— One hundred twenty-five years have passed since the industrial leaders of the day – with names like Carnegie, Mellon and Frick – last relaxed and recreated on the South Fork Fishing and Hunting Club’s Lake Conemaugh shores.
And it’s been nearly as long since engineers of the day publicly – and controversially – exonerated their club from liability of the 1889 Johnstown Flood – an ever-debated, and still evolving, story that continues to fascinate today, Johnstown Area Heritage Association President Richard Burkert notes.
“I think that is a big part of why the story of the flood remains so intriguing today,” Burkert said. “When you talk about how much fault lies on the club ... it’s still controversial.”
In the generations since what was once dubbed the nation’s worst natural disaster, historians, writers – and even hydrologists – have delved into the disaster’s cause, with most saying the flood should be reframed as a tragedy caused not by nature, but a neglected, man-made dam.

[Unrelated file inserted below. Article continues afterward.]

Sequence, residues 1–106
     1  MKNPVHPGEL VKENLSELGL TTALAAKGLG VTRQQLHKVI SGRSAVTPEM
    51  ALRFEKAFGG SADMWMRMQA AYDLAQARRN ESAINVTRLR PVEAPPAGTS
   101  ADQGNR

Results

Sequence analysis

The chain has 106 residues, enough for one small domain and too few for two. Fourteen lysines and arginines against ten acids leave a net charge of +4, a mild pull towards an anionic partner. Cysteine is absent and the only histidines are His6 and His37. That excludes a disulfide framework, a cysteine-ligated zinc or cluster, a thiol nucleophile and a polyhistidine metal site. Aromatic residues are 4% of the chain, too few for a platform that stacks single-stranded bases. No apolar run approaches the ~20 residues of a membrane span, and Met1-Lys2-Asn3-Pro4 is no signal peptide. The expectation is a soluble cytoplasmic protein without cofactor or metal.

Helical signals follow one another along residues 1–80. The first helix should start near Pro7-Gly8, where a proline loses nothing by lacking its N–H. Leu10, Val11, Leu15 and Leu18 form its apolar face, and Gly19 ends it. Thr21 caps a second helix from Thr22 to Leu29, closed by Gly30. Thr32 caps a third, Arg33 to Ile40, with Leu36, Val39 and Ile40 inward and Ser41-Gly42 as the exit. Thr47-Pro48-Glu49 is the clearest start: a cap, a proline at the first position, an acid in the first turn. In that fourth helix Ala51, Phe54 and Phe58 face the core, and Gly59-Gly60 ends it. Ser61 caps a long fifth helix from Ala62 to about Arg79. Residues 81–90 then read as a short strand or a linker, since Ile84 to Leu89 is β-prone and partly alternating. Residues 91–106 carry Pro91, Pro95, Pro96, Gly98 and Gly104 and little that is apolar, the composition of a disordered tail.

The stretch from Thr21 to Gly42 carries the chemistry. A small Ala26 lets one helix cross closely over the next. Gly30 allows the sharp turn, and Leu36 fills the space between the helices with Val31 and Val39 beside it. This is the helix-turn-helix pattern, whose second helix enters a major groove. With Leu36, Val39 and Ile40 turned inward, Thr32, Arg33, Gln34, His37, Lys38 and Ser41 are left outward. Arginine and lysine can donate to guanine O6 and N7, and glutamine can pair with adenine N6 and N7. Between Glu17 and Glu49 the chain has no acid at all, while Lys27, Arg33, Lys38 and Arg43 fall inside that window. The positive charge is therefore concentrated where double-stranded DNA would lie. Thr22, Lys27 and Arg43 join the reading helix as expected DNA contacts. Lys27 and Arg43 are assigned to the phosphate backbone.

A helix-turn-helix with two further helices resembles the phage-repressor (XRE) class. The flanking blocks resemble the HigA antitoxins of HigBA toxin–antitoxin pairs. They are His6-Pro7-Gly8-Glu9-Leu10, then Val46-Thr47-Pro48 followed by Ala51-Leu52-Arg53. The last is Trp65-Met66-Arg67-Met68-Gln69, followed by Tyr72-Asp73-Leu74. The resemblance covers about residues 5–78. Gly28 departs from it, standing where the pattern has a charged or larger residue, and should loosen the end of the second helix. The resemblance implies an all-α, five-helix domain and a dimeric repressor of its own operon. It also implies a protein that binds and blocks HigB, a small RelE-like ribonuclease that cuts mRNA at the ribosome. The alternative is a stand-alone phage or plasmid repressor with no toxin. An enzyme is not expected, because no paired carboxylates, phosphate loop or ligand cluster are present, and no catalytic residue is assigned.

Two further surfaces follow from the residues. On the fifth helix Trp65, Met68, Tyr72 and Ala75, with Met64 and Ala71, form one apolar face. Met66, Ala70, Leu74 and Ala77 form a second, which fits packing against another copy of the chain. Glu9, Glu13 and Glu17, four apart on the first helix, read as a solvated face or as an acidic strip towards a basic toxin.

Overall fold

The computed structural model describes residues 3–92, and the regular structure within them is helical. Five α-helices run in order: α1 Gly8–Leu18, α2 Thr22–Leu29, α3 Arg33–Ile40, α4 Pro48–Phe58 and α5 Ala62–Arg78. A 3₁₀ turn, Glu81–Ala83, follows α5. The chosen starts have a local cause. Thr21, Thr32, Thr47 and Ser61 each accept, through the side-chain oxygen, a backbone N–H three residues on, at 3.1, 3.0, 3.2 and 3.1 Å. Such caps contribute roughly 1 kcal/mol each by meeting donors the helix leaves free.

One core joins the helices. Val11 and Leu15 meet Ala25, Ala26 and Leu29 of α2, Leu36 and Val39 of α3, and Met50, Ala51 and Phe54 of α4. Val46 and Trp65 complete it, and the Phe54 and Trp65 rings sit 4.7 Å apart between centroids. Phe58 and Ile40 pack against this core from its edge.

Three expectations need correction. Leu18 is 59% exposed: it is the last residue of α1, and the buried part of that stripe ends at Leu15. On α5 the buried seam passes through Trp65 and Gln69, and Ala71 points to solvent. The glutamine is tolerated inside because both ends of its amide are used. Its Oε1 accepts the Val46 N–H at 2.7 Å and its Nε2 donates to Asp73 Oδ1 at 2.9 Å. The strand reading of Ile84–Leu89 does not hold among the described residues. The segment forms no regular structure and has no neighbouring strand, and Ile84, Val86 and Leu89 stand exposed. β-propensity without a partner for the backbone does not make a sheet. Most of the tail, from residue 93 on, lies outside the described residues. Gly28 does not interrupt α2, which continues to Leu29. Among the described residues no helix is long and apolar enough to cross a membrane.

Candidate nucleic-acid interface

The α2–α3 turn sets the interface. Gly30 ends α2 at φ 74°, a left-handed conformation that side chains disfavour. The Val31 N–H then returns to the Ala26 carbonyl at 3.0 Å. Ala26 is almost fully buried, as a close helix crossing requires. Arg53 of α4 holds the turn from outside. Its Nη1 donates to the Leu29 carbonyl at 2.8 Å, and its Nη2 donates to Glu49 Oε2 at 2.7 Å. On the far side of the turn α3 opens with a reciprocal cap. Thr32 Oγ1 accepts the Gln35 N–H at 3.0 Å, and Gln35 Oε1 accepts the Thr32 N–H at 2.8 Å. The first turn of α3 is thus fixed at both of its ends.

“We’ve had visitors who are normally very mild-mannered suddenly become very excited when the topic of the club is brought up. They firmly believe the club members themselves were to blame for all of those deaths,” said National Park Service Ranger Nathan Koozer, who says the Parks Service’s National Flood Memorial’s mission is to present known facts and allow visitors to draw their own conclusions.
“After all,” he said, “there’s never been a clear-cut conclusion.”
How it all began
The dam was built in the 1840s and early ’50s, decades before the Fishing and Hunting Club was established. At the time, it was needed as a valuable water source along the western end of the state’s Main Line Canal.
The dam would exchange hands twice in the years that followed, first under the Pennsylvania Railroad, which let the property sit unattended, and then, in 1875, in Altoona congressman John Reilly’s hands, Burkert said.